Foxconn was also utilizing child labor since it was cheap. This makes it favorable to an organization of this nature. The act was criticized by a variety of NGOs, and several law suits emanated from this action. Beauchamp (2011) asserts that Foxconn were involved in such activities due to the terms offered by Apple Inc. Apple Company was said to be offering low pricing to the manufacturer despite its high profit margins. Some reports claimed that the unfavorable pricing prompted Foxconn to adopt child labor in order to reduce costs so as to make significant profits.

This issue came to be an ethical challenge to Apple Inc. On one side, the company was able to increase its profits due to the outsourcing process. However, it was detrimental since it deteriorated the organization’s image. The company was operating at the level of enhancing social responsibility towards all its stakeholders. Treating the employees in a manner that they were being treated went against the company’s policies and was not acceptable. This resulted to an ethical dilemma.

Apple had to step in and try to solve the problem. The company’s management hired Fair Labor Association to conduct an inquiry into the problem. Their ultimate responsibility was to conduct an audit regarding the working conditions in this manufacturing plant. This body used employees’ survey in order to get the actual picture of how things are. The results gathered from this survey were analyzed quantitatively. According to the report, the working conditions were not up to the desired standard. Employees were working longer hours than it was stipulated by the law. Usage of child labor was also evidenced in the plant (Beauchamp, 2011).

Apple’s leadership came up with variety of ways that were aimed at eliminating this challenge. Its persistence would have damaged the company’s image among the consumers and other key stakeholders like lenders and shareholders. To begin with, Apple ordered the retrenchment of all under-age employees from the Foxconn plant. A panel was set aside to oversee this process. There were thorough check-ups on employees that remained and others that were being employed as replacements. Valid documents that could verify one’s age were made mandatory upon requesting any employment positions. This was regardless of the nature of job being executed. This was designed to discourage utilization of child labor in the plant. If this task was done thoroughly, it is not known to the general public. This is because current reports indicate that such instances still exist (Gilzean, 2012).

The company also took a step further in trying to enhance social responsibility towards employees. Among the strategies used was reducing the number of working hours to the set standard. Going beyond the set limit would be viewed as breach of the law whereby Foxconn would be liable to lawsuits. Working overtime was subject to employees’ choice. No employee would be required to work overtime if he or she was not willing. This came along with a 20% increase in wages for all workers regardless of the occupation in the manufacturing plant (Beauchamp, 2011). This coming from the company was like a bribe directed to employees. There is always a tendency for employees to forget the wrongs done before if the future prospects are promising and favorable. It would boost employees’ motivation hence increase productivity without requiring them to work longer hours. Apple also made an agreement with Foxconn for them to increase the number of employees involved with the production process. Increasing the number was aimed at reducing the amount of pressure subjected towards employees. However, this was difficult for Apple to implement since they did not employ these people directly. The working environment was also changed in a way since employees were afforded the chance leaving the production site from now and then. This did not happen before hence it would come as a great relief to them.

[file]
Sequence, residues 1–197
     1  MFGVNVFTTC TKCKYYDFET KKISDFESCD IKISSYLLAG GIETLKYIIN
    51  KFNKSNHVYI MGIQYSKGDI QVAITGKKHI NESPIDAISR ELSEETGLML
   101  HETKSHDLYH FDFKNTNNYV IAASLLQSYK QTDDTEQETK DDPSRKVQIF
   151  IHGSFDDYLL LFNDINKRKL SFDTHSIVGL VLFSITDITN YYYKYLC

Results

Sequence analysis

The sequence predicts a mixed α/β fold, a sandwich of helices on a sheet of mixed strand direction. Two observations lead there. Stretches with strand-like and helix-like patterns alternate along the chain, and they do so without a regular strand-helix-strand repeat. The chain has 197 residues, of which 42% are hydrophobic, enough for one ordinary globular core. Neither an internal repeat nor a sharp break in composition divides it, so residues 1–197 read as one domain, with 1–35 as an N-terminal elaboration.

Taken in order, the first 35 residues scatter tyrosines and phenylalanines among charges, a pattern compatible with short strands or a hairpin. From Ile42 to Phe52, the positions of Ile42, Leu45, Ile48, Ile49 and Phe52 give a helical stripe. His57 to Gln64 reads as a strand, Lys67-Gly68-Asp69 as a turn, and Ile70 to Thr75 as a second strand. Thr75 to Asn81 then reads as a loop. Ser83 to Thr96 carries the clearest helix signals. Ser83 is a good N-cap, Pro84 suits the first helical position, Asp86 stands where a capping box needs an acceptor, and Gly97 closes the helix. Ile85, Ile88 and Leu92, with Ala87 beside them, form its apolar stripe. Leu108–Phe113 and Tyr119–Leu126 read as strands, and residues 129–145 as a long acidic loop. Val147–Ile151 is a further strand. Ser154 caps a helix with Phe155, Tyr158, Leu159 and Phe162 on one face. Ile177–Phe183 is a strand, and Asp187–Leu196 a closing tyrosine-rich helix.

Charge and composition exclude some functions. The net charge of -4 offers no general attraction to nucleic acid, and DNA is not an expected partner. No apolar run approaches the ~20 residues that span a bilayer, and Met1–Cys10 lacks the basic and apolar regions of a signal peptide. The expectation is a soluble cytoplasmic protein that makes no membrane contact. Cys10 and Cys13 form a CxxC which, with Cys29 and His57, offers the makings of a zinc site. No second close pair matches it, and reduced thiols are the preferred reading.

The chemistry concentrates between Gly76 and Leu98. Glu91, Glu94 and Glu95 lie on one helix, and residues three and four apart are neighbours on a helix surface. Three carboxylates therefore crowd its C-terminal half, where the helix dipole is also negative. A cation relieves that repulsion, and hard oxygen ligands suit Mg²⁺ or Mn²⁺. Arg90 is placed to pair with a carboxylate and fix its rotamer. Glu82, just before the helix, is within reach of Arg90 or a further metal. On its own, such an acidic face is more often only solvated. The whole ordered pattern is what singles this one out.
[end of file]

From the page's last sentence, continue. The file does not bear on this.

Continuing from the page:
Another action that was taken is installation of suicide nets along the plant’s premises. This could reduce suicide cases that emanated from jumping from roof tops. Employees were also subjected to signing contracts that deterred them from committing suicide. Anyone that committed suicide, his or her family would not be compensated. The company’s argument was that employees cared about their families and would not want to leave them in agony.

Apple’s leadership did not manage this challenge effectively. Most of these solutions were short-term hence the challenge could occur again. They did not bother to go to the root cause of the problems. Gilzean (2012) asserts that current reports indicate that this challenge has come back to haunt Apple Inc. Issues that were seen previously have seemed to surface. It might even become worse since these actions are being reported in other manufacturing plants that Apple Inc partners with.